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After having begun to missionarize in Germany, St. Boniface founded Fulda as a outpost for missions towards the northern part of the country, especially Saxons. St. Sturmius, a Boniface's pupil, built Fulda since 744 A.D.. The monastery was based on a grant of land by Carloman - one of the two sons of Charles Martel, whom the country belonged. Sturmius became the first abbot of Fulda and he applied the Benedictine rule he had especially travelled in Italy in 748 to learn. Monastery was granted by Pope Zachary a privilege in 751 which placed it directly under papal jurisdiction thus granting its autonomy. That privilege was confirmed by Pepin in 753, and Fulda became immediate to the Empire in 774. In 968 A.D., the abbot of Fulda eventually became primate of all Benedictine monasteries in Germany and Gaul

Development of Fulda came when it became the burying place of St. Boniface, after the later met martyr in Friesland in 754. Fulda became then a place of pilgrimage and a 'national sanctuary' of sort for Germany. Villages settled around, Fulda became mother-house to smaller monasteries, and the monastery became landlord of important and remote German estates, which had been given by princes, nobles and individuals. A aqueduc was bringing into the abbey the water of the Fulda river. To more appropriately harbour Boniface relics, a large basilica was built, on the plan of Saint Peter's of Rome, between 791 and 819. St. Boniface had become the Apostle of Germany. The crypt and relics still exist. That Fulda of 794 A.D., referring to St-Pierre-de-Rome, took its inspiration from the revival in Rome, at the time, of the paleo-Christian basilica model, a fashion that lasted until the middle of the 9th century and was a sign of the rebirth of a Church architecture specifically Roman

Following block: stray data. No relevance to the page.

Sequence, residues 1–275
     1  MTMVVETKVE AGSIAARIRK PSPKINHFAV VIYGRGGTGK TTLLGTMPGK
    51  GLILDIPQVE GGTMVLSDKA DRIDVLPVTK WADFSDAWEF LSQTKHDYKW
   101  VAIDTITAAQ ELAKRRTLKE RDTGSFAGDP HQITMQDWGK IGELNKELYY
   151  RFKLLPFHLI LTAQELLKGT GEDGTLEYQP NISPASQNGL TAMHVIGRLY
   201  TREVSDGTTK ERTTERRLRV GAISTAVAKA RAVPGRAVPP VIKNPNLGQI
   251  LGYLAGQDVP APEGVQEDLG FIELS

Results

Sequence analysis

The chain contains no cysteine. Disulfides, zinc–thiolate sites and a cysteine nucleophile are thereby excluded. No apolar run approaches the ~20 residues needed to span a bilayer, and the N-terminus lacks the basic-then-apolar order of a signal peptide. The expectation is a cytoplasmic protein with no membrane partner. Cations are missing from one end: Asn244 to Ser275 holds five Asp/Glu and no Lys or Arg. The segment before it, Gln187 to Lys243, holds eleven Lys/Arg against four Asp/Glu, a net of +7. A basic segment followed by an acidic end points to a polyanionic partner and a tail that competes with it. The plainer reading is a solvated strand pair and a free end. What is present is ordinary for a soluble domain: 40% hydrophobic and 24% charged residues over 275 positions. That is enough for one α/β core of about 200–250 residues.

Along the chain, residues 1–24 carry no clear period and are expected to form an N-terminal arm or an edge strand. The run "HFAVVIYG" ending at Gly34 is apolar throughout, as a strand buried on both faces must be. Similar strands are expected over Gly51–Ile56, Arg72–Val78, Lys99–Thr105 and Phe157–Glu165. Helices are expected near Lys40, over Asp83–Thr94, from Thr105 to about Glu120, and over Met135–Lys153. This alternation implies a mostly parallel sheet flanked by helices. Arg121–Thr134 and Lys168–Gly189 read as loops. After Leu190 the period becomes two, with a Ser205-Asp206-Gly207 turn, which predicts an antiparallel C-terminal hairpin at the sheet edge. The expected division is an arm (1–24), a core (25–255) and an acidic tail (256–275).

Fulda monastic school developped from the original school, aim of which was to form missionaries to Saxons. It began to flourish at the time of Charlemagne and Alcuin. It was developped by Rabanus Maurus (776-856), monk at Fulda, after he attended lectures of Alcuin in Tours about the beginning of the 9th century A.D.. Maurus having become abbot in 822, Fulda school became the center of civilization and learning for Germany, and known throughout Europe. Fulda school was welcoming students in theology as well as students aiming at secular careers. Walafried Strabo or Servatus Lupus were pupils of Fulda. School's library had been founded to bring to Germans the religious and classical literature. At its peak it held about 2,000 manuscripts (Tacitus' Annales were kept there, for example), and Fulda became the birthplace of Old High German literature

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